The largest macroeconomic costs of the pandemic are, however, related to the containment measures put in place to solve the health crisis. For example, a temporary closure of economic activity by 50% for one month and 25% for two months is estimated to lower annual aggregate output by almost 10 percentage points.See, for example, Gourinchas (2020), ‘Flattening the pandemic and recession curves’, as part of the VoxEU online publication: Mitigating the COVID Economic Crisis: Act Fast and Do Whatever It Takes.

The OECD has assessedOECD (26 March 2020): ‘Evaluating the initial impact of Covid containment measures on activity’, OECD Economics Department. the impact on economic activity of the containment measures put in place to combat the pandemic. The estimate is based on the output and consumption of different sectors in different countries and assumes that the internal effects for each sector are the same for all countries. According to the OECD's preliminary assessment, the immediate first-order impact of the containment measures could reduce aggregate output by 20–25% in many economies as these measures are enforced, and household consumption might decline by as much as a third. In Finland's case, the OECD's calculation puts the shortfall in total output at 22%. Effects to this order of magnitude would easily surpass the economic turbulence caused by the global financial crisis of 2008–09. This estimate only looks at the direct impact on the output of each sector and does not consider potential second-round effects.

According to the OECD estimate, each month of stringent containment measures will lower annual GDP by two percentage points. If the lockdown is extended for three months, year-on-year GDP growth will be 4–6 percentage points lower than previously forecast.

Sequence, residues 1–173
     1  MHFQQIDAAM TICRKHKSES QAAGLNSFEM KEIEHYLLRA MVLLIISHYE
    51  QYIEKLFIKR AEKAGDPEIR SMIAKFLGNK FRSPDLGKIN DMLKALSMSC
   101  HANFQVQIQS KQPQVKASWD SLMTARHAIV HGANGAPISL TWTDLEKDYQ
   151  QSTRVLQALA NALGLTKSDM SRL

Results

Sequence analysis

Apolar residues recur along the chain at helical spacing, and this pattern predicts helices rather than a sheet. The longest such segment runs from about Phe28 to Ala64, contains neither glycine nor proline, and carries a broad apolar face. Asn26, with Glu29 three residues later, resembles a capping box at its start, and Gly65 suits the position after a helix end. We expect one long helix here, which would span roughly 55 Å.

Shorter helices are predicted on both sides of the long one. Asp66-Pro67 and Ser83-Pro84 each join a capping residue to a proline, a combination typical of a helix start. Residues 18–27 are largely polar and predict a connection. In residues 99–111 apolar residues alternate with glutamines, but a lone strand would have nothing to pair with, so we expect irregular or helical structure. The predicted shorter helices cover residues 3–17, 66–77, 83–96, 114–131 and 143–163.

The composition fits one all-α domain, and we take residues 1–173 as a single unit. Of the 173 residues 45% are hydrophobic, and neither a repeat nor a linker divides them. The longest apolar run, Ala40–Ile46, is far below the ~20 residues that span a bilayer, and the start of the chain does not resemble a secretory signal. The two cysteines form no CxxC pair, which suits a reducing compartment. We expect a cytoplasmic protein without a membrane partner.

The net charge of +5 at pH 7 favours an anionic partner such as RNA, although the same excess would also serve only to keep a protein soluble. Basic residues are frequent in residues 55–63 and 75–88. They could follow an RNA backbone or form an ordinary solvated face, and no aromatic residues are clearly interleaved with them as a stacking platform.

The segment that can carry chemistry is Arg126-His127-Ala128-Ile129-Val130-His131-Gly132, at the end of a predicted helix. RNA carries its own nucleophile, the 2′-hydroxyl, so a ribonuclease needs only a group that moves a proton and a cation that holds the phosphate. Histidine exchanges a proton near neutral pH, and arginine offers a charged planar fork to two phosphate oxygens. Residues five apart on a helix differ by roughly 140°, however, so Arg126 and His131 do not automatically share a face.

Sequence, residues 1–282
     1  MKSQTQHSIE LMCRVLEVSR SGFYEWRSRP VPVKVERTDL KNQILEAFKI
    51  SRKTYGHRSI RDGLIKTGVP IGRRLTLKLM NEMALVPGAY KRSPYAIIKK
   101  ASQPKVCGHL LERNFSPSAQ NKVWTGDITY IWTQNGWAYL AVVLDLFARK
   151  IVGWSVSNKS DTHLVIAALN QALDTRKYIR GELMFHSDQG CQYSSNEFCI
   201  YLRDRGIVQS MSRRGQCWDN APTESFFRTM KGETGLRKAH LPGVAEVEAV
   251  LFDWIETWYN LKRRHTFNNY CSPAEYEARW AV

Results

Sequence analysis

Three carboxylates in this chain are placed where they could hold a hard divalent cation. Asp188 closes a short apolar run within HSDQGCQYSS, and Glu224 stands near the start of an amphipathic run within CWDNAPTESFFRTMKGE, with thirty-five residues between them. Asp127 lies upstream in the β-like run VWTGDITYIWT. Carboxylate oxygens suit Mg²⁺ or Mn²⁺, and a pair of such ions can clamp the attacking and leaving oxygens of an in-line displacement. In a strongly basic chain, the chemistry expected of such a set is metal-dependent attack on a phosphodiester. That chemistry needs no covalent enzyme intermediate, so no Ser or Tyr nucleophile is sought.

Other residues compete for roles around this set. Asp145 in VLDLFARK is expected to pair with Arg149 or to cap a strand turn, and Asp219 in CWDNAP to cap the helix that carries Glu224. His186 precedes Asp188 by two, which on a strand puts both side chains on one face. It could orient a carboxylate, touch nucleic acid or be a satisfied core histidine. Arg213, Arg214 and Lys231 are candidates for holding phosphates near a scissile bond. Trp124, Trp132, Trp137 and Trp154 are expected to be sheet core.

The Bank of Finland's scenarios estimate the containment measures’ impact on economic activity by looking at national accounts data on the value added and employment figures of each main industry. Statistics showing the containment measures’ real-world impact on economic activity, as well the impact of the coronavirus crisis in general, remain limited at the time of writing. The assumed weekly output loss per sector caused by the containment measures relative to their normal level of output is thus based on our evaluation, as well as on statistical data available on 2 April 2020 and on survey data from Finland (including business surveys), Europe and Asia. The calculations assume that under the mitigation scenario, the immediate monthly economic impact of the containment measures would be lower than under the suppression scenario. A multiplier of two-thirds has been chosen, but in reality it might be greater or smaller.

The expected output losses can be used to roughly assess the direct impact of one month of restrictions on annual GDP growth. In scenario 1, one month of restrictions results in immediate output losses equivalent to 2.1% of annual GDP, while the direct output losses caused by one month of restrictions in scenario 2 correspond to 1.4% of annual GDP.

The key assumptions of the scenarios are summarised in Table 1.

Table 1.

The assumptions used in scenarios*

  Scenario 1 Scenario 2
Permanent output losses at the end of the period 0% 10%
Duration of restrictios (up to) 15 May 2020 30 September 2020
Persistence of temporary output losses** 30% 50%
Weekly output losses compared to normal*** 27% 18%
Share of one month output losses in annual GDP 2.1% 1.4%
* In scenario 1, the spread of the virus is suppressed rapidly and restrictions are in force for a short period of time. In scenario 2, the spread of the virus is mitigated and the restrictions are in force for a longer period of time. 
** After the restrictions are lifted: in scenario 1, 30% of the temporary output losses per quarter are not recovered in the following quarters, while in scenario 2 the corresponding assumption is 50%.